This arrangement is obviously catching on as nine of our 11 passengers alighted here and headed over to the tram stop.
Even more interesting is the fare and ticket arrangements. It costs £6.50 single to travel with ember from Dundee to the Ingliston stop and £7.50 to Edinburgh city centre. But although Edinburgh Tram charges a whopping £6.50 for the one stop short hop from Ingliston to the Airport (it’s a bargain basement flat rate £1.80 for any journey length on the rest of the line) ember have done a canny deal with Lothian so that you can buy a through ticket from Dundee to the airport, via the tram’s one stop, for just £7.50 all in, ie £1 more than to Ingliston.
This compares to £18 single (reduced to £14 if bought a fortnight in advance) on Xplore Dundee’s three-hourly X90 Dundee to Edinburgh airport direct X90 route which also has returns at £24 or £20 if bought in advance, but still more than two ember single tickets.
Another significant development is the ember service now terminates in the much more centrally located St Andrew Square – alongside the city’s competing sightseeing buses (First’s Bright Bus Tours -v- Lothian’s various brands).
Last time I travelled soon after the service began in 2020 the terminus was alongside the less conveniently located St Andrew’s House, although there was a stop in Princes Street which seems is now no longer served.
The other interesting news from ember is from Monday week, 21st February, the service frequency is expanding with the current eight departures increasing to 14 running more or less every 90 minutes through the day and evening with a night time journey too.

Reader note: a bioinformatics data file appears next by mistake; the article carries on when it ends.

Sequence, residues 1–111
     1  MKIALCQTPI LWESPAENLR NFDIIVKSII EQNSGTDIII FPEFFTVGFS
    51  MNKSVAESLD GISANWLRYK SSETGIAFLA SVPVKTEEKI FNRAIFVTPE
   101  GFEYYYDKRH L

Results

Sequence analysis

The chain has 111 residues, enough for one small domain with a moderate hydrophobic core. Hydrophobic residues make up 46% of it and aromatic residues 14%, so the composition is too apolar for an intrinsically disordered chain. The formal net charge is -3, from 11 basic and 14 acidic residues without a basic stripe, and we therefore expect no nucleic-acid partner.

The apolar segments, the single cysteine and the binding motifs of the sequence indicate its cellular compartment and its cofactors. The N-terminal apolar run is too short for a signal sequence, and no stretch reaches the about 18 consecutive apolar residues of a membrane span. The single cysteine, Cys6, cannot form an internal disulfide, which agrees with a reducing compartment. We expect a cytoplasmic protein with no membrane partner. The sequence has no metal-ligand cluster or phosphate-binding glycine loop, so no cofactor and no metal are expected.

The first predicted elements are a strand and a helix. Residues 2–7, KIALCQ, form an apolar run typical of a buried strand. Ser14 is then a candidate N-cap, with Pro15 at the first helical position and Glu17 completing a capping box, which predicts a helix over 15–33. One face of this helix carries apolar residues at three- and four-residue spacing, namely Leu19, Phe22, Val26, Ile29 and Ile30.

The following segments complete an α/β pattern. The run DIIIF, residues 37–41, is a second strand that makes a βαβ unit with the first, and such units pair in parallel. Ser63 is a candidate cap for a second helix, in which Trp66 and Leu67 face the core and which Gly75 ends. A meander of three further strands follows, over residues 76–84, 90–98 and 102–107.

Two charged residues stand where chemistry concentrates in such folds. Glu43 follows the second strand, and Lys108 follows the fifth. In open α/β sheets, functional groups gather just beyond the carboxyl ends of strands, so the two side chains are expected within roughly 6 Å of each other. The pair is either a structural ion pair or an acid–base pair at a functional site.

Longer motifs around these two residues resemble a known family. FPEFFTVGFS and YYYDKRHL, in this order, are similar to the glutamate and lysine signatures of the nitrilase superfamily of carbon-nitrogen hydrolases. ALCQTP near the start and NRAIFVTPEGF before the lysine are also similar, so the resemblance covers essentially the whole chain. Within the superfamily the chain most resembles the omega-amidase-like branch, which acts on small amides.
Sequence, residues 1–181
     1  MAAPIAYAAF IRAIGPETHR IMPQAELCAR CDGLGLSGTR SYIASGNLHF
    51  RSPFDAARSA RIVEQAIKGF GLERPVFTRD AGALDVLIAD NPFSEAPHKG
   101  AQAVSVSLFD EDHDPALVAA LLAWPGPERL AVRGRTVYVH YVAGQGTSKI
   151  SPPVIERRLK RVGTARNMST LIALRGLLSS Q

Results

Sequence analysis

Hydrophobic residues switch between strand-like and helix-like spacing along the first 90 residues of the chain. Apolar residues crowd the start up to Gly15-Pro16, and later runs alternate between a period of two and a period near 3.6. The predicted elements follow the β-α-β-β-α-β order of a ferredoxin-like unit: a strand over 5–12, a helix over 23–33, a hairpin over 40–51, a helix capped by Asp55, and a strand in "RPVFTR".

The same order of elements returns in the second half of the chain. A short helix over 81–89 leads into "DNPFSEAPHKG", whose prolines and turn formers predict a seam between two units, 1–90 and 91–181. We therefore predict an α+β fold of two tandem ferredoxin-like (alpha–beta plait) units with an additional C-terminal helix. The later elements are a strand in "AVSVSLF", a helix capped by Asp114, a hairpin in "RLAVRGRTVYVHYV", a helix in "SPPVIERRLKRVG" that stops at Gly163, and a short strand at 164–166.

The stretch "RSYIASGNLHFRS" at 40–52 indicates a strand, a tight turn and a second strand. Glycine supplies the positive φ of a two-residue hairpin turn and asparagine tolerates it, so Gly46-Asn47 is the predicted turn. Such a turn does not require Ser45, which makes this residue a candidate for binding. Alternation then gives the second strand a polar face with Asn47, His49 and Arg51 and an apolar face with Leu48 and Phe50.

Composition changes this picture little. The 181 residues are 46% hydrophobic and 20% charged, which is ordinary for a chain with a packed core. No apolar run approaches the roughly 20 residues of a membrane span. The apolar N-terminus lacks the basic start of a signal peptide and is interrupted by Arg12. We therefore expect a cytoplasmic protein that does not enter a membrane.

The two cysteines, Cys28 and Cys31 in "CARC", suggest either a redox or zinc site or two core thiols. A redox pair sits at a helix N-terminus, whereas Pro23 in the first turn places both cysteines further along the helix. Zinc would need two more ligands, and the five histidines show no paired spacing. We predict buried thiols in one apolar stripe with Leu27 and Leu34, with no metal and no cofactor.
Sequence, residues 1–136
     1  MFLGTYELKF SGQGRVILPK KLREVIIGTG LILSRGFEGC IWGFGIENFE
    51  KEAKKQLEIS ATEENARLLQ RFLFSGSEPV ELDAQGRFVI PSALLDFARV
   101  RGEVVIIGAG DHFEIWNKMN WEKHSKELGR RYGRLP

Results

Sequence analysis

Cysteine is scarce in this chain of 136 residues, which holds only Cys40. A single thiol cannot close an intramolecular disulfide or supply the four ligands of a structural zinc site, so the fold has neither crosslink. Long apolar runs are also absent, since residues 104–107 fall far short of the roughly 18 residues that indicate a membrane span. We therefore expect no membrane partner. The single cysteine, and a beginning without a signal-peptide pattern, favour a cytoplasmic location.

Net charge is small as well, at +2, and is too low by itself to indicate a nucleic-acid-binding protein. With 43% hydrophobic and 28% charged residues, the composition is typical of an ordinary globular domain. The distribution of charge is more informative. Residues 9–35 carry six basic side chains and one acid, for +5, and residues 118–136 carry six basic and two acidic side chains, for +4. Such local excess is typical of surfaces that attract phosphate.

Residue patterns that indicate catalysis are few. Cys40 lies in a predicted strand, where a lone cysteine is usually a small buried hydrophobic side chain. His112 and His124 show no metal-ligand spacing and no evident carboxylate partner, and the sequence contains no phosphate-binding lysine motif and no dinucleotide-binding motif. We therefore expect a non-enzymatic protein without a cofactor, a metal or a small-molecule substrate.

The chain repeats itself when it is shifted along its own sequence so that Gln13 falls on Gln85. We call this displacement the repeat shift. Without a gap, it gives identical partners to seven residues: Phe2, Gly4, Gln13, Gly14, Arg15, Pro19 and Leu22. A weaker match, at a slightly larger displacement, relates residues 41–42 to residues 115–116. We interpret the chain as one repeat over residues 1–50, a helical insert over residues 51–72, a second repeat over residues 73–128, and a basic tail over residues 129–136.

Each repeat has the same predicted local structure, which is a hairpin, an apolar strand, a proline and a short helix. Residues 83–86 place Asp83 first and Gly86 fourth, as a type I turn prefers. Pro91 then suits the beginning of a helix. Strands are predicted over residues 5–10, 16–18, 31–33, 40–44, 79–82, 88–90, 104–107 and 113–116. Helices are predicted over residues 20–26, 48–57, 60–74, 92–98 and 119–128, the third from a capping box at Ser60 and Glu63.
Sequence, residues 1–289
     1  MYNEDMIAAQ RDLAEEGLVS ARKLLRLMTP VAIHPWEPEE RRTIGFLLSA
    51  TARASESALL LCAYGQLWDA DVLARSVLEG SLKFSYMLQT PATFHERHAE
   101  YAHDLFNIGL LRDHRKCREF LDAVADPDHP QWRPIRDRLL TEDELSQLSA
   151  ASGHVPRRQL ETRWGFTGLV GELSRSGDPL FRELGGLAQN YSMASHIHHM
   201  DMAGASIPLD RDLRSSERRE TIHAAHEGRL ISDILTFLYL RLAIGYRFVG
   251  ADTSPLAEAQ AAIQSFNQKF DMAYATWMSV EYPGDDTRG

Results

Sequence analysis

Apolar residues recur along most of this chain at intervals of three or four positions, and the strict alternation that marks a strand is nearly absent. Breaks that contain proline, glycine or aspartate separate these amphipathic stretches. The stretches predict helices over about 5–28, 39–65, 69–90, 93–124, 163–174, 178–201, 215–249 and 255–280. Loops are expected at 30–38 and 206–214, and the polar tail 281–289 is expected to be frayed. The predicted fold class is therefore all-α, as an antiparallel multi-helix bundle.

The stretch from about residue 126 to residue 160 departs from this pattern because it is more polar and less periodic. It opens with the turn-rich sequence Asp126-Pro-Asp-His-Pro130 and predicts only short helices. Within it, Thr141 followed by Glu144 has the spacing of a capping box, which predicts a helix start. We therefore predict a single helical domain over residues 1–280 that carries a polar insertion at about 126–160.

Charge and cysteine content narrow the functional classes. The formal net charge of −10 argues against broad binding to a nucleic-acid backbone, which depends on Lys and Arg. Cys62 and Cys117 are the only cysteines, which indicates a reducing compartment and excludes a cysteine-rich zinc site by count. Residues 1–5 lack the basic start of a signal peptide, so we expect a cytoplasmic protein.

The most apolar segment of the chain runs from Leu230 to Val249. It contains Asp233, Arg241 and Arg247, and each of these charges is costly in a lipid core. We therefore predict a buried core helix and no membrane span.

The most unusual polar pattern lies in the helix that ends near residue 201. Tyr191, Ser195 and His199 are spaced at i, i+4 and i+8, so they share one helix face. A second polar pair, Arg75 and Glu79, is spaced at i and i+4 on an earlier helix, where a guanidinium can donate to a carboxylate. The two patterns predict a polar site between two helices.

Whereas departures are currently from Dundee at 04:40, 07:20, 09:45, 12:45, 15:50, 18:25, 21:30 and 23:45 from Monday 21st this expands significantly to 02:00, 05:00, 07:00, 08:15, 09:30. 11:00, 12:30, 14:00, 15:30, 17:00, 18:30, 20:00, 21:30 and 23:00.
An extra charging point has been installed at the Greenmarket terminus to accommodate the expanded requirement with more buses and drivers joining the ember fleet.
Covid has obviously dented owners Keith and Pierce’s original expansion plans but the friendly “leading sustainable bank” behind ember are obviously still on board and supporting this expanding phase in the company’s life. Future developments will be interesting to watch.
Finally a shout out to Ian my lovely driver on Friday as he kept my scarf secure and tweeted me to let me know it was safe with him on the St Andrew stand guessing the cold chill of Edinburgh’s February afternoon would soon mean I’d realised I’d left it behind. I did, and was delighted to be reunited with it. Thanks Ian.
If you fancy a ride with ember today, at the time of typing this on Monday evening, there’s still plenty of seats available.
It’s an enjoyable ride.
Blogging timetable: 06:00 TThSSu.
Next blog, Thursday 10th February 2022: More electrifying travels in Edinburgh and Dundee.